A car is a metal can. A metal guitar body. It resonates and amplifies sound...quite well.

    Firewall, and carpet or underspray will quiet things up.

    Headliner keeps ground noise from bouncing off the roof and back at you.

    This should all cost less than a few of those headsets.
     
  8. laro

    Thread Starter New Member

    Dec 5, 2010
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    Some good tips there people. I'm sure its possible to buy David Clark electrics, but they ask aviation product prices - go check out their site.
    The legal issue is certainly something to consider, will have to look into that.
    My best bet now seems the goldwing style system and then maybe just settle for just two headsets. What's the deal with a ptt system? Seems a pain to first press a button before talking.
    The thing on soundproofing is that a series III land rover is hopeless. It's a utility/military vehicle. It leaks, its cold, its even windy inside ;)
    Thanks for the tips - keep them coming!
     
  9. Rbeckett

    Member

    Sep 3, 2010
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    Laro, I appologize for leaving the thread with no real help. Undercoating and a product called dumb-dumb will help measurably. The Dumb-dumb is a tar llike substance with a protective cover on one side and a very strong adhesive on the back that will conform to the contours of the chassis and deaden the noise considerably. You can get this at most auto A.C parts suppliers. also a look at all of the hangers and brackets are in order. Especially the exhaust and drive train mounts to insure there is no metal to metal connections without a rubber isolator between. Older vehicles deteriorate in this area and create a lot of moise in those two systems. But, please do not use headphones, for your safety and the safety of the emergency crews around you. Hope this helps, And I appologize for the seemingly negative reply and assure you that I am not pulling your leg on the sound deadener material.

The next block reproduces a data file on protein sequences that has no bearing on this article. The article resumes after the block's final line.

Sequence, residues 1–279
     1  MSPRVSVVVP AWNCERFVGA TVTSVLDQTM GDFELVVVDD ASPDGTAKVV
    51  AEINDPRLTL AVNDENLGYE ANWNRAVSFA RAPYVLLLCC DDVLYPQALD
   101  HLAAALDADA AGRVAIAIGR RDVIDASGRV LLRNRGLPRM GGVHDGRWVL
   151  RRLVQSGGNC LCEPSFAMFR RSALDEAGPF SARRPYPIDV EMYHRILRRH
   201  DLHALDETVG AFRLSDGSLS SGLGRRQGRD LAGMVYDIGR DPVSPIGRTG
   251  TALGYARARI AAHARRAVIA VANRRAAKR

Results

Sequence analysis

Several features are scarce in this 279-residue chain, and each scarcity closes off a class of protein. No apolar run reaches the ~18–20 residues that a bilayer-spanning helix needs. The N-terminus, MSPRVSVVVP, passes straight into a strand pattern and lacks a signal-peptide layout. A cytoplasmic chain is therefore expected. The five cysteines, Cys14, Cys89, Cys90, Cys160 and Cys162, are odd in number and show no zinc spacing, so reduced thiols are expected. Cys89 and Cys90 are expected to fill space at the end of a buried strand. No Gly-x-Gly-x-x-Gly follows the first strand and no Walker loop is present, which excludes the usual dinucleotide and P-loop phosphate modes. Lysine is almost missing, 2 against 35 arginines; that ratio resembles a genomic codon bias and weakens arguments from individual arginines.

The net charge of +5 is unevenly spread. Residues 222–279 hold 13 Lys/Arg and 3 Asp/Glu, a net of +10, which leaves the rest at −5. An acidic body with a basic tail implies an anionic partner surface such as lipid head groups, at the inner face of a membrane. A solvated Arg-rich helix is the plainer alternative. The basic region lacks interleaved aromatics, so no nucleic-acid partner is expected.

Bob.
     
  10. Rbeckett

    Member

    Sep 3, 2010
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    Technically any item in your ear will get you a ticket, but earbuds are difficult to detect. Best advice I can give from a safety standpoint is to not use anything. I used to drive energency vehicles and you would be amazed at how many drivers do not use there mirrors and cannot hear a 130 Db siren over there music. Sometimes the seconds saved mean a life or a limb.
    Bob
     
  11. aklosak

    New Member

    Nov 16, 2011
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    Paul
    I also have a 1978 Land Rover Series III 88 with 2.25 Diesel
    at 80km/h (50mph) noise level is at 90dB(A), which is about 10dB more than in other similar cars (about 2x more loud). It is very annoying to drive on the highway. At idle it generates about 70dB(A).

    So we did exactly the same what you said, and bought 2 David Clark stereo headsets and a smaller one for our daughter (I have 3 seats in row). we also got a Pilot USA intercom (4 place PA400-st). now we all can talk, listen to music or radio. Quality of DC headset if perfect and you can use them without being tired for a long journey.

    As my LR is a military version in green matt colour, DC headset colour is almost identical, so it looks like a standard equipment :)

    regarding safety issue, I can hear all the warning signals, klaksons, etc. But we do not have such a law here in poland, at least I hope we don't :)

    regarding noise levels in my LR it was obvious that noise was generated mainly by rattling noise from gearbox and engine. I am doing a engine overhaul now, and can see that piston rings were completely loose. When I finish this and also gearbox rebuild I am pretty sure noise levels should go down. So before you start damping noise with some rubber mats try to check the engine/gearbox.

    cheers
    andy
     
  12. radiohead

    Active Member

    May 28, 2009